Improvisation IV (Afrique)

Several readers sent very positive comments about last week’s article, Spirit. A couple seemed surprised. One woman asked: are you saying astrology is connected to religion? That’s an interesting question. The short answer is that they are connected by the fact that both begin with the idea that there is a larger meaning to life and the universe. From there, their paths diverge, with astrology traveling the road of self-knowledge and religion following a much different path.

I’ll point out one aspect of that divergence with a quick story: years ago, I attended a talk by a rather well-known spiritual leader who asked for questions from the audience. A woman asked him what she should do about her anger. “Just don’t be angry,” he answered. “But how?” she persisted. “If you want to grow spiritually, just stop being angry,” he answered.

To me that exchange encapsulates a lot of what is wrong with what passes for organized religion: giving generalized advice for specific individual states. His advice was to tell her not to be angry, but maybe the woman needed to be angry. Maybe her current situation required her to be angry to change, to change not only herself but others around her. Or maybe she was an angry person, who just needed a legitimate channel for that energy. There are a bunch of potential scenarios here, but his only advice was: Bear it and don’t be angry. But that clearly was not option for the woman.

After the event, I searched for her outside and asked what she thought of his advice. “I guess I’m being tested and maybe it’s all for my greater good” was her response. Maybe. Or maybe she didn’t know herself well enough to understand what she needed to do.

Which leads me back to where this article started last week: Know yourself. And know your “selves”. So lets continue with looking at the Spirit. To find the Part of Spirit in a chart is to attempt to understand how and where the Spirit, the Self, the I AM, lives within us. Just as importantly, it’s an attempt to understand how active the Spirit is, how easily it can express itself. In some charts, it is strong; in some charts, not so much. Additionally, it’s not unusual to see the Part of Spirit opposed or in conflict with planets that have more worldly interests, which reminds me of the famous prayer of  St. Augustine: “Lord, make me pure, but not yet.”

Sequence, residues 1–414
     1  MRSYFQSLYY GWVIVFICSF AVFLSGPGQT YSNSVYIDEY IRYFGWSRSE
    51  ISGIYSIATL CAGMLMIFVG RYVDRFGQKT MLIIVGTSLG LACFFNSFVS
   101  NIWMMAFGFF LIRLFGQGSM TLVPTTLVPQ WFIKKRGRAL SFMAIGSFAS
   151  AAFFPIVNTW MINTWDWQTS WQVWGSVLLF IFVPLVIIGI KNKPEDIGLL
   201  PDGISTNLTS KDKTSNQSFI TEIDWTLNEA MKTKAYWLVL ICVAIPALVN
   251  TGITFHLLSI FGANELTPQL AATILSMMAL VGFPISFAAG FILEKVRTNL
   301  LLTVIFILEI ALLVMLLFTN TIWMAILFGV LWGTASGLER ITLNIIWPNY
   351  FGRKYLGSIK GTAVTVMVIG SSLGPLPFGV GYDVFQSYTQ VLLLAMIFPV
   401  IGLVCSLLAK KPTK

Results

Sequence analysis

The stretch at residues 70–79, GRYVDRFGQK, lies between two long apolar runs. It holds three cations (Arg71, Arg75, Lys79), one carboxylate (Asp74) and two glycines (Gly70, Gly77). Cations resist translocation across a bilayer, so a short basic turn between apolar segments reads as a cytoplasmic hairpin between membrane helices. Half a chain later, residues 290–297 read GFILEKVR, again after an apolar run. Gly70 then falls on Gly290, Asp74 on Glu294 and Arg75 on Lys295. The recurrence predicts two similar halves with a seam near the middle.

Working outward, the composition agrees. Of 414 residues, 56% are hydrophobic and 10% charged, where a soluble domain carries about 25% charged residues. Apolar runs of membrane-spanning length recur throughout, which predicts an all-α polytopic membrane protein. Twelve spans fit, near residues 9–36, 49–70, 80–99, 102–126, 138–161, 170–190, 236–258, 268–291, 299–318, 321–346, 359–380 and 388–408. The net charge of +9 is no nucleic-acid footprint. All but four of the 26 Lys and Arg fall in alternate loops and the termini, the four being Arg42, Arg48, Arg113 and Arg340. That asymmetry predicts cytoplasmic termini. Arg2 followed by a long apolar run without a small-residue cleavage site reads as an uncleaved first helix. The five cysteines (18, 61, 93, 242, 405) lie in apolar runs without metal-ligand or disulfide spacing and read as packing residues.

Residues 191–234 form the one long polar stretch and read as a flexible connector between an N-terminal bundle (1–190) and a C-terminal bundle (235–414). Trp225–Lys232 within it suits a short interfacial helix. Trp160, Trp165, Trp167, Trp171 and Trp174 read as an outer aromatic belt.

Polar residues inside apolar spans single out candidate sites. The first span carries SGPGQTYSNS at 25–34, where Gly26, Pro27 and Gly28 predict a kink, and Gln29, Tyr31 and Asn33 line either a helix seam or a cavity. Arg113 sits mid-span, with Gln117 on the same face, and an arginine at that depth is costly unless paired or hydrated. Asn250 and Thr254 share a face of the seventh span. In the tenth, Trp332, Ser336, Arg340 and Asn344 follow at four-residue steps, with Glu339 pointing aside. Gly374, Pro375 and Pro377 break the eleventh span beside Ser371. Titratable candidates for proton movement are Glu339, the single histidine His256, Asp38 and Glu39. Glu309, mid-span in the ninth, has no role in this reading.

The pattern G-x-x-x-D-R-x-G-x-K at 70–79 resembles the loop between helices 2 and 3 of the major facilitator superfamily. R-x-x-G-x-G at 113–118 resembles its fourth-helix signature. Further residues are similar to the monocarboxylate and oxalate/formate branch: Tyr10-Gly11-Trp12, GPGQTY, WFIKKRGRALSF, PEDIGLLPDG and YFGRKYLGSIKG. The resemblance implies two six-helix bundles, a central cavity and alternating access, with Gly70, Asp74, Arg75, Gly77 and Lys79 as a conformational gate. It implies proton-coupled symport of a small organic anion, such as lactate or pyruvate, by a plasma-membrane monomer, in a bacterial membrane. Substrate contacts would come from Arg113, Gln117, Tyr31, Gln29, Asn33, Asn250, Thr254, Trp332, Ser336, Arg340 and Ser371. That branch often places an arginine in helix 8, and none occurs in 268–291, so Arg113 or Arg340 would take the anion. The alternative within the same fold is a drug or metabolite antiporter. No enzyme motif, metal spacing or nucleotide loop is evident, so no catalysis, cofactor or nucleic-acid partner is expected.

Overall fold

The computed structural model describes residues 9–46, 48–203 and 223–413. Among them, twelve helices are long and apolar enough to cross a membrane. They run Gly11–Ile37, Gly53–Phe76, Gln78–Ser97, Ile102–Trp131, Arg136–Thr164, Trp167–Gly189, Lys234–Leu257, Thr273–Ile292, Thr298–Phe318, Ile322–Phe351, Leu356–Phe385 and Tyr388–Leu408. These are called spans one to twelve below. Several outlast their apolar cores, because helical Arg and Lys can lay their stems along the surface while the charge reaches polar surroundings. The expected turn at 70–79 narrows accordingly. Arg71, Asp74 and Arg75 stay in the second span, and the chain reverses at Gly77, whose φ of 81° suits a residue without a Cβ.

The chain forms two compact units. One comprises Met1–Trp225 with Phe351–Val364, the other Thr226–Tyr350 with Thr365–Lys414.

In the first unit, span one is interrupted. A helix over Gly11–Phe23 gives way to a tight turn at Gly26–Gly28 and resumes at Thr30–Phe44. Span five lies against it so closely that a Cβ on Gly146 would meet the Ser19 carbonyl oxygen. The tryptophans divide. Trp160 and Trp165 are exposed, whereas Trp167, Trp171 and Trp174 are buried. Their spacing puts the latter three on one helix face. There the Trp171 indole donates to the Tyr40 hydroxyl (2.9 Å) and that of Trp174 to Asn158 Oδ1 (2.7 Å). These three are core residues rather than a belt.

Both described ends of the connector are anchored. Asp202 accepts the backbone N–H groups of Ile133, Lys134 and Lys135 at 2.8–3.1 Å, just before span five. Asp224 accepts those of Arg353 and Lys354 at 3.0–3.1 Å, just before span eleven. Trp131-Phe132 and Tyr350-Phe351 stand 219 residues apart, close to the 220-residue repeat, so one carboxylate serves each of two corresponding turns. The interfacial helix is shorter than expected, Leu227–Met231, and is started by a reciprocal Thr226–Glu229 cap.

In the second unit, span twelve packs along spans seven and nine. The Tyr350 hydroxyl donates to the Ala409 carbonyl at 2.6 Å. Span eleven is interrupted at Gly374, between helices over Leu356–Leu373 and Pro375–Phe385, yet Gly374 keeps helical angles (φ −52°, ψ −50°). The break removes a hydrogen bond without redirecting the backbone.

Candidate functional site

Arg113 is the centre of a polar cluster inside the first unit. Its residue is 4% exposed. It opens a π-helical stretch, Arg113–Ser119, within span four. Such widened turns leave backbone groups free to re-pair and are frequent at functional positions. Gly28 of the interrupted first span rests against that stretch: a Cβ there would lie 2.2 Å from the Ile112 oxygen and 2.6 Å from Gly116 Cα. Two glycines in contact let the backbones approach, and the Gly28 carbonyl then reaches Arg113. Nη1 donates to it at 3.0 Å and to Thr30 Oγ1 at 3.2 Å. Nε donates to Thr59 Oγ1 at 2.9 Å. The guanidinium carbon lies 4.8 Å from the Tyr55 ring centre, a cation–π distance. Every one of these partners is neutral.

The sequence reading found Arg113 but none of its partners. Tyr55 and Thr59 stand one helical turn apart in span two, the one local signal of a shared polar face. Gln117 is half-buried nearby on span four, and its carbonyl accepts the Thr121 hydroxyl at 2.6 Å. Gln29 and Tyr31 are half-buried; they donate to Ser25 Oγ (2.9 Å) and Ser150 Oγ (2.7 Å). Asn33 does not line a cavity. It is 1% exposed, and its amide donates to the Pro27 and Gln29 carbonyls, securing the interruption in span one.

In the chart shown, the Part of Spirit (called POS from here on) is marked with an S at the left side of the chart. The description that follows is a description of how this particular individual struggled to incorporate spirituality into her life. The formula to find the placement is as follows: ASC + Moon – Sun = Part of Spirit (Sun).

 

 

Part of Spirit

In the chart shown, the POS is located at 14 degrees in Cancer, very close to the Ascendant (the point is marked with an S on the left side of the chart). Any planet or point in the Ascendant, particularly when it’s close to the rising degree, is important. So for this reading, I would take their interest in spirituality, or religion, as being strong, and that they are aware of that impulse within themselves and that it is a primary impulse.

From here, we look at the sign and position of the planet ruling the Ascendant. In this case, it’s the Moon. Located in the 9th house (upper right of the chart where all those planets are) in Pisces, suggests that this is a person who sees it as their purpose in life to love others, to give to others, to surrender their substance to others. Why? The 9th house is the house of religion and Pisces is the sign of the breaking down of barriers. All those planets – through their connection to the Part of Spirit – suggests the need to serve, of a larger sympathy with the world. What is interesting is how many other Arabic parts are placed on or near this Ascendant, including:

* Part of Fortune

* Part of Happiness

* Part of Hyleg

* Part of Life

* Part of Passion

* Part of Wisdom and Patience

Was any of this accurate? The chart belongs to a woman who has been deeply religious since her early youth and works in a religious organization ministering to the poor. It’s difficult work, yet deeply satisfying to her. Perhaps not surprisingly, there’s a sense where her identity is swallowed up by her vocation. However, the anonymity of it seems entirely natural to her: “It’s not about me, it’s about something much larger than myself”.